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May 2, 2016

The Blue Zones: Are You In One?

blue zonesIf you hear of people being in Blue Zones you might think they have depression, but you would be wrong. A Blue Zone is not a mood. It is a place. A special place. In fact, there are only five such places currently known. Blue Zones are unique places where people tend to live longer than 90 years and even more than 100 years old.  And they are:

  • Sardinia (Italian island)
  • Okinawa, Japan
  • Nicoya Peninsula of Costa Rica
  • Ikaria (Greek Island)
  • Loma Linda, California

We hear of athletes being in the zone – that rare intersection of peak performance, focused concentration, energy, and exhilaration. Blue Zone are similar to such athletic zones. Blue Zones are places where individuals live long, productive, meaningful, energetic lives. Is there a secret to these Blue Zones?

What is the Secret of Blue Zones?

We mentioned Blue Zones in our article, Healthy Living in Costa RicaBlue Zones are sometimes referred to as longevity hotspots. Blue Zones have been studied by scientists and written about in Dan Buettner’s book, The Blue Zones. 

What is the secret of these longevity hotspots? Is it modern medicine and technology? Is it nutritional supplements? Is it genes? That is what Mr. Buettner and others have been trying to answer. In a nutshell, the secret, if you can call it that, is LIFESTYLE. Not really a secret. No, it is not anything you can package in a bottle. It is not a short cut to good health, either. The success of Blue Zones requires effort.

Members of Blue Zones share common traits. These traits include the following:

  • emphasis on family and social relationships
  • plant-based diet with mild consumption of meat
  • daily physical activity
  • successful management of stress
  • incorporation of a spiritual or religious component

Relationships

Relationships are paramount in Blue Zones. Blue Zone members have both strong family and social relationships. They are active social participants. They are not bystanders in the community, or in life. The connection between longevity and social relationships has been noted and reported in other populations as well. We discussed this in our article, Living Past 110 Years Old: What’s The Secret?  Read about the town of Roseto, Pennsylvania which was settled by Italian immigrants from Roseto, Italy in this article written by Malcom Gladwell, an excerpt from his book, Outliers. The people of Roseto, Pennsylvania had poor health habits but little heart disease. But, they had very strong family and social connections. And, that appears to be the difference maker.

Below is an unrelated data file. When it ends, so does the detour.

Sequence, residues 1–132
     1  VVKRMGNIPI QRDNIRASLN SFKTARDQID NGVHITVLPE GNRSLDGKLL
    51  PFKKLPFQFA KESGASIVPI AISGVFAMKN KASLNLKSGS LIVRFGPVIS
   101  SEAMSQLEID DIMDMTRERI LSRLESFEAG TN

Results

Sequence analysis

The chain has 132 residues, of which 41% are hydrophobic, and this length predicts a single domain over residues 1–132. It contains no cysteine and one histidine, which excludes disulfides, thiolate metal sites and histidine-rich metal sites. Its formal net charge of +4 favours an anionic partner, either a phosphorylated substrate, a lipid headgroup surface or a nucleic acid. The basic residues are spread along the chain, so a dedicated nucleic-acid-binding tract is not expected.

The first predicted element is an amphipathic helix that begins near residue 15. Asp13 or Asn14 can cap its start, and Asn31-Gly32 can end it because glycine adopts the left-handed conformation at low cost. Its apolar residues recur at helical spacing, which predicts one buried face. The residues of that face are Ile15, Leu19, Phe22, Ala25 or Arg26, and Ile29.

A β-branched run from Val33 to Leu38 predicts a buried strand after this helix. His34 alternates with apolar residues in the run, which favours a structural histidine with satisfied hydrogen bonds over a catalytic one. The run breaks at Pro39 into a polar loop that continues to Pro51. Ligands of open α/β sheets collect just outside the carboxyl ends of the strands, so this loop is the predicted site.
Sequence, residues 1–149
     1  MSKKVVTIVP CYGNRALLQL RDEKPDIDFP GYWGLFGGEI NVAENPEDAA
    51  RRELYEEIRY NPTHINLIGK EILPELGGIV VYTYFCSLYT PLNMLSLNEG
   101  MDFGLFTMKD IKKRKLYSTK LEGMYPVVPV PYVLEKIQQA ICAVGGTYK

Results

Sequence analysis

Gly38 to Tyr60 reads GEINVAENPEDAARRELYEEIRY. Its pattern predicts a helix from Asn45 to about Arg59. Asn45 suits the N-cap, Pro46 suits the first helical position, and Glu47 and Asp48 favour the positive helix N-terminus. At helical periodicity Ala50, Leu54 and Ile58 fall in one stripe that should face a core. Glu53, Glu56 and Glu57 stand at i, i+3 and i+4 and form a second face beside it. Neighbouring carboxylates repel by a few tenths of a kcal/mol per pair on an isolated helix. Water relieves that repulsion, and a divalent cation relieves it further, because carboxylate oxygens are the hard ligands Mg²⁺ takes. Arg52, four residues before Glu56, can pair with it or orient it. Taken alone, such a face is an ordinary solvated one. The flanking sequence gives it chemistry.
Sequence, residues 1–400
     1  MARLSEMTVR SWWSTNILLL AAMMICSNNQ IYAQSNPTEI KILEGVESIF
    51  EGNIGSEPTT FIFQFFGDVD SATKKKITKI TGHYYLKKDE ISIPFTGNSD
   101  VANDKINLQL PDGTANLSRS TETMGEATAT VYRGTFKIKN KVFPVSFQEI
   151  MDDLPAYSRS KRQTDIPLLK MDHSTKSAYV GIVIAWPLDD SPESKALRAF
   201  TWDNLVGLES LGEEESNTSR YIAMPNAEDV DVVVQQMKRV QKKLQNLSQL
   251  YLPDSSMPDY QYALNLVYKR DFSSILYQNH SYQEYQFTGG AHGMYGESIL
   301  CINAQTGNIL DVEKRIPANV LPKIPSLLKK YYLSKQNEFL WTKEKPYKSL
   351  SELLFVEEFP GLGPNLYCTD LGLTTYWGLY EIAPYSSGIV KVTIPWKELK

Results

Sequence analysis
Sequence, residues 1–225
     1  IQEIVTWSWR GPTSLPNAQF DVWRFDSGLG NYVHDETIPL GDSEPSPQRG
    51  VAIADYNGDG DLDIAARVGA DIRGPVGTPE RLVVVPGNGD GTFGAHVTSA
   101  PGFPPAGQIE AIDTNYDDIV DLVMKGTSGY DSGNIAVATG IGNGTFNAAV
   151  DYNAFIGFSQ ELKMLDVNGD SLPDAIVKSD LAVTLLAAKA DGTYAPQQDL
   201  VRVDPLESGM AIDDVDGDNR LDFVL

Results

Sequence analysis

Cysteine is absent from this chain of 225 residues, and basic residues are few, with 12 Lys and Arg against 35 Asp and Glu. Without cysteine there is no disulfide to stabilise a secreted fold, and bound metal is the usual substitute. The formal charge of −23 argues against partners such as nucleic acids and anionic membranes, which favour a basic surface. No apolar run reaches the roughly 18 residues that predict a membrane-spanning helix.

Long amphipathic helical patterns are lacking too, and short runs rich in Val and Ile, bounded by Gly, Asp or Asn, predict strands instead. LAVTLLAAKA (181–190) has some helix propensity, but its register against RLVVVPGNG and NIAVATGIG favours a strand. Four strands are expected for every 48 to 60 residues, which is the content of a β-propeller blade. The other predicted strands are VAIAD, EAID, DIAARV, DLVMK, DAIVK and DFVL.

When we feel connected, we feel wanted, and we when we feel wanted our outlook on life improves. We become more motivated. We become more confident. We come to know ourselves better. We develop a sense of purpose. And, we are at more at peace. Peace is the opposite of stress.

Having a network of family and friends helps to dissipate and cope with stress when we go through tough times. Stress is a killer figuratively and literally. Chronic stress shortens telomere length taking off 11 years of lifespan. That is more than smoking and obesity.

Purpose overcomes less than ideal health habits as well. I know plenty of patients (many small business owners) who have health issues but running a business and a sense of obligation to their employees keeps them going longer and stronger than might otherwise would have been expected. And, we all know someone with a terminal illness who was able to stay alive just long enough to see some significant event come to pass. Purpose is powerful ingredient to good health and longer longevity.

Plant-based Diet

A plant-based diet is a low glycemic diet – the kind that we advocate. You will not go wrong if fruits and vegetables are your only sources of carbohydrates, but some starchy carbs are consumed by some Blue Zone inhabitants.